This book is not one which I can endorse. For illustration, I will provide a critique of the first chapter only. The entire chapter is a gloss on Huxley’s Doors of Perception that I found to be revoltingly parochial. So much so, in fact, that I picked up a copy of the Huxley, and discovered that Zaehner was massively misrepresenting Huxley’s actual text. (I have to hand a 1977 paperback of Huxley’s Doors, and it is those page numbers I will cite for Huxley, despite the fact that they do not match those cited in Zaehner, who would have to have been using an earlier edition.)
Zaehner wastes no time in casting aspersions and spinning rhetoric against Huxley. In his second paragraph, he remarks that “Mr. Huxley appears to have no … scruples [regarding the association of drug experiences with religion]” (1), but I would maintain that here, as in other places, Zaehner’s accusation of unscrupulousness applies more to himself than to his intended victim. The patronizing invective against “Mr. Huxley and his friends” builds until Zaehner climaxes his second page with the declaration that “Huxley’s ‘conversion’ to a Vedantin way of life was due to little more than a total rejection of everything that modern civilization stands for and to a deep-seated aversion to historical Christianity which, though it may not have directly given birth to the modern world, at least condoned it when it was born.”
Zaehner’s emphasis on Huxley’s interest in Oriental religions is not warranted by the text of The Doors of Perception, which uses illustrations from Western religion and philosophy (and particularly aesthetics) a great deal more than it does from the East. But it permits Zaehner to make Huxley’s thought seem alien and exotic, and to castigate it with remarks like these: “The vocabulary used by Huxley in this astonishing passage is largely borrowed from the Vedanta and from Mahayana Buddhism. To the normal, rational mind his remarks make no sense whatever, and might therefore be dismissed as the illusions of a lunatic.” (7) Not content to apply clinical generalizations to those under the influence of mescaline, Zaehner chooses to subtly stigmatize them as “mescalin-takers.” (5, 10)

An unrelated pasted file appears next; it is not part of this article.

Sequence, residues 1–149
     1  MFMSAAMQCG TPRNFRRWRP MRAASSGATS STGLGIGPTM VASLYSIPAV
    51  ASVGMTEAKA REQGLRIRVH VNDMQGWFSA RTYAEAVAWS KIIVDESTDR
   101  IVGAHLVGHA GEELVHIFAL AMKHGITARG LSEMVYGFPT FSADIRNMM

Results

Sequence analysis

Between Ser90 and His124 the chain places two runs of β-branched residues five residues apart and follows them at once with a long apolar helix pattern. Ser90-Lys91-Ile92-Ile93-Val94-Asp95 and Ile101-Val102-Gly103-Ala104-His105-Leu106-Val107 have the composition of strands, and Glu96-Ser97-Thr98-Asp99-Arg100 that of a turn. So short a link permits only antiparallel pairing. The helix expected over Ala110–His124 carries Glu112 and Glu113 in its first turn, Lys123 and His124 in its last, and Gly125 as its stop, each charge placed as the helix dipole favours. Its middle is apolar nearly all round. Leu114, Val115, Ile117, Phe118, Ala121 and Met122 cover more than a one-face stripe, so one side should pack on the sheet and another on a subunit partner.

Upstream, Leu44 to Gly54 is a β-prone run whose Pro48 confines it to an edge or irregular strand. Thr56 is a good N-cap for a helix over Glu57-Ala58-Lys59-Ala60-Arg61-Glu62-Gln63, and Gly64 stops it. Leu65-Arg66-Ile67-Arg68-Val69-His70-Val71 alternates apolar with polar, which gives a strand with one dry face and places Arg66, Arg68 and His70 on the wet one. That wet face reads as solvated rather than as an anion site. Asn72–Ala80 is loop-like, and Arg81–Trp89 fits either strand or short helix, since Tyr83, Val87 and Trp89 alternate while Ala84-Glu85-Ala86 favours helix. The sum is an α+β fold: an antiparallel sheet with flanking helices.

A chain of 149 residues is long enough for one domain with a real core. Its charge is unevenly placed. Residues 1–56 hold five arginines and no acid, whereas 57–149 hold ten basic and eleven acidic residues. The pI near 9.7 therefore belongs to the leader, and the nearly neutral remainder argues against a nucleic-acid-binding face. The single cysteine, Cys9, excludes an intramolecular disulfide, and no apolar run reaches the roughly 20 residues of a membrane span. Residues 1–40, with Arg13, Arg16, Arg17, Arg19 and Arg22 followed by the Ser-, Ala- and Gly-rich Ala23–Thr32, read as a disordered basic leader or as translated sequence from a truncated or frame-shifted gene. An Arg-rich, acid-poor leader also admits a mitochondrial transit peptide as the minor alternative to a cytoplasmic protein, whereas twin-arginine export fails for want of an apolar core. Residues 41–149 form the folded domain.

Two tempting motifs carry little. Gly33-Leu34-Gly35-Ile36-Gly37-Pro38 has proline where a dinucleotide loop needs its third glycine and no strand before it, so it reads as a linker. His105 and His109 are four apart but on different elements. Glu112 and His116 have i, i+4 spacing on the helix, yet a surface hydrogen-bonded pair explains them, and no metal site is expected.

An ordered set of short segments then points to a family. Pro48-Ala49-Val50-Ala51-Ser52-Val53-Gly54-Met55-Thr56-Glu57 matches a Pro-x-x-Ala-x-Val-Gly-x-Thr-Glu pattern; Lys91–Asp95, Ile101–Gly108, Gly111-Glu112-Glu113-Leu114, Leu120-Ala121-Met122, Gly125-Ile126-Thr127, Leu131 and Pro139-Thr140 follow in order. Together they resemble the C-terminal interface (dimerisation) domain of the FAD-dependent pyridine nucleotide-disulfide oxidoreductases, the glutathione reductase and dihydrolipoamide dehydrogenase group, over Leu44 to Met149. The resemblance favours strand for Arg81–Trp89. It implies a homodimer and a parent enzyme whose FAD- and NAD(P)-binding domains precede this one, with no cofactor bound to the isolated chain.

Much of Zaehner’s derision for Huxley’s account centers around what Zaehner represents as the addled presumptuousness of Huxley’s views and judgments on some works of art. Zaehner represents the sequence of this art appreciation segment thus: Huxley looks at a Van Gogh and becomes “bored,” he is then “distracted from Van Gogh’s poor symbol to, of all things, the trousers draping his own crossed legs!” (7) In reviewing the Huxley, however, it is quite clear that the Van Gogh viewing led to a Botticelli viewing, and the representation of textiles in the latter provoked Huxley’s consideration of his own pants. Zaehner presents them out of order, so that it seems that Huxley’s mind wandered in an undisciplined and valueless manner from the Van Gogh to the pants to the Boticelli. Further on in this artwork episode, Zaehner relates, “…this world seemed to be epitomized by a portrait by Cezanne which was now handed to Huxley. Presumably because it was a good portrait and therefore brought out what was most ‘personal’ in the sitter, Huxey could only laugh derisively. ‘Who does he think he is?’, he indignantly exclaimed. How much better to return to the magical grey flannel of his trousers….” (9)